(Bloomberg) -- Swiss bank BSI SA said its Singapore unit is “operating normally” as the withdrawal of its license by the regulator will only take effect at some time in the future. The unit is in a “very comfortable position” in terms of liquidity, the bank said.

The Monetary Authority of Singapore’s decision to remove the unit’s status as a merchant bank “will take place only at a future time,” given that the regulator will allow the transfer of its assets and liabilities to the Singapore branch of EFG International AG or to “the parent entity BSI SA,” the bank said in a statement Wednesday. Swiss-based EFG is in the midst of buying BSI from Brazil’s Grupo BTG Pactual.

The Singapore authorities said Tuesday they would withdraw the bank’s license for breaches of money laundering rules and impose S$13.3 million ($9.6 million) in financial penalties for 41 breaches, including failure to conduct due diligence on high-risk accounts and monitor suspicious customer transactions. The authorities referred six senior BSI executives to the public prosecutor, including the former chief executive officer in the city state and his deputy.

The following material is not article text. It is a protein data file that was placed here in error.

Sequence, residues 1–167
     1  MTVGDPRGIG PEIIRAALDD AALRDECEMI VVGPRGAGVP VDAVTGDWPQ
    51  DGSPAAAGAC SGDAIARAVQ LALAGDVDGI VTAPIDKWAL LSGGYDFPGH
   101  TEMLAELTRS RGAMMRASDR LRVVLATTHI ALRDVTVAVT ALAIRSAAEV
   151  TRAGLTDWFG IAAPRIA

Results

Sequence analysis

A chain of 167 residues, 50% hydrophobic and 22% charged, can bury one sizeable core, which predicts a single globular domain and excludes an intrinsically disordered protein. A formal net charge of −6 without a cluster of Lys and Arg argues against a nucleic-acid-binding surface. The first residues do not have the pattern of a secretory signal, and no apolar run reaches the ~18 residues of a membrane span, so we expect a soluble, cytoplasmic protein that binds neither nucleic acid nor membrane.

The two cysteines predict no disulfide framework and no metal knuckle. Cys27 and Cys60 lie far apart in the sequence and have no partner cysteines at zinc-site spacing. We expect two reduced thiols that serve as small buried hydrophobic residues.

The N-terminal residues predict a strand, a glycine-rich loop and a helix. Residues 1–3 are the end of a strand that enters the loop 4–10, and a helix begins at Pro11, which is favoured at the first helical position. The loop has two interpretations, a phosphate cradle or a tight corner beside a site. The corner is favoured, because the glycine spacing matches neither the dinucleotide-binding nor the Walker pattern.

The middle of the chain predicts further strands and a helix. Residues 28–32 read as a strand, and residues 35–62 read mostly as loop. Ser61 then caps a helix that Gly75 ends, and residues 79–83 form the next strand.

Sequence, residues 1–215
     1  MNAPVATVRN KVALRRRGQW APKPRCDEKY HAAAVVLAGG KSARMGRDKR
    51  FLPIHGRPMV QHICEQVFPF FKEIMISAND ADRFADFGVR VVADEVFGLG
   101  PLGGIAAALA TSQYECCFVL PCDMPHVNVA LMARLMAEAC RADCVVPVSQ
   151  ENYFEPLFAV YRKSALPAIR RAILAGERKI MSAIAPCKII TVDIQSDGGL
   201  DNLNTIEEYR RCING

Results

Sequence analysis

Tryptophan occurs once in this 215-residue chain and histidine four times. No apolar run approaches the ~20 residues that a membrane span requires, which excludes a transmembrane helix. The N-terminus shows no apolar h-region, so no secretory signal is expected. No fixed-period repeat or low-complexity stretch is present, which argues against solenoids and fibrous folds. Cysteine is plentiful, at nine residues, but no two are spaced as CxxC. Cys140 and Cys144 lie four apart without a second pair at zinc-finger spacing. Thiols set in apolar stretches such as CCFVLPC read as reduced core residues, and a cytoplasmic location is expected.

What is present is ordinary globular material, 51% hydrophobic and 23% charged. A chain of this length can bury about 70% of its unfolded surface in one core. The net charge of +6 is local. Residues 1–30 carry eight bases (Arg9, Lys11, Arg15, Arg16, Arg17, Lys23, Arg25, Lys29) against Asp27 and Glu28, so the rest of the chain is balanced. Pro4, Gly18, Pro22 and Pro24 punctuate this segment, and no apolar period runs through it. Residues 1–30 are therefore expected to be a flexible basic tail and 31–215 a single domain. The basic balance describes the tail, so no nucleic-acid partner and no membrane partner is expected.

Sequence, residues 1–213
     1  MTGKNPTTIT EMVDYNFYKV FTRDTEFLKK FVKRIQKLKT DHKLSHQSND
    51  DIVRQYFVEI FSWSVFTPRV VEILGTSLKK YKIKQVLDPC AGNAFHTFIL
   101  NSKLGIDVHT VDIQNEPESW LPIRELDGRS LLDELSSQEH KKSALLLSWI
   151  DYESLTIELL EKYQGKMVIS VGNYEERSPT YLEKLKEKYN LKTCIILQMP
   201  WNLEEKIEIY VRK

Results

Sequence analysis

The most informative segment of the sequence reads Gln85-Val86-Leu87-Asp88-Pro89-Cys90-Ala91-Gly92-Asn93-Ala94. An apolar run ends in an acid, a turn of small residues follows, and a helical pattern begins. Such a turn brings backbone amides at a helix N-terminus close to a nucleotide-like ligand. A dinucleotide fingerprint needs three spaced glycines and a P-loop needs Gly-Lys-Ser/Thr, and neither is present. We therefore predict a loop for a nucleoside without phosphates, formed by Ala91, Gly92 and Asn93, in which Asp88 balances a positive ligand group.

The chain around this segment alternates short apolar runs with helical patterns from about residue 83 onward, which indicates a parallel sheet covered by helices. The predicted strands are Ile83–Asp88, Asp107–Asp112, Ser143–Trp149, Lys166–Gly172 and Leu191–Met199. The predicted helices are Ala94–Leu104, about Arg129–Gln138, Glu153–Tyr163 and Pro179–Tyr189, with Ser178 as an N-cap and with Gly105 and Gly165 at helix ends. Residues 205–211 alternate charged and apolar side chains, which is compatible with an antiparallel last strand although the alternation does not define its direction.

Singapore’s move came as Swiss authorities took action against the bank related to money flows from 1Malaysia Development Bhd., or 1MDB. Switzerland’s Attorney General said it would seize 95 million Swiss francs ($96 million) from BSI and start enforcement procedures against two of its former employees. BSI said Tuesday it has co-operated fully with the investigations.

In the statement Wednesday, the Swiss bank said the unit was not affected by the financial penalties levied by the regulators because they will be paid using BSI’s General Reserves for Banking Risks. It also said that the Singapore regulator had stated that the bank was solvent and had assets in excess of its liabilities and commitments.

To contact the reporters on this story: Chanyaporn Chanjaroen in Singapore at, Klaus Wille in Singapore at To contact the editors responsible for this story: Sree Vidya Bhaktavatsalam at, James Poole, Andrew Blackman

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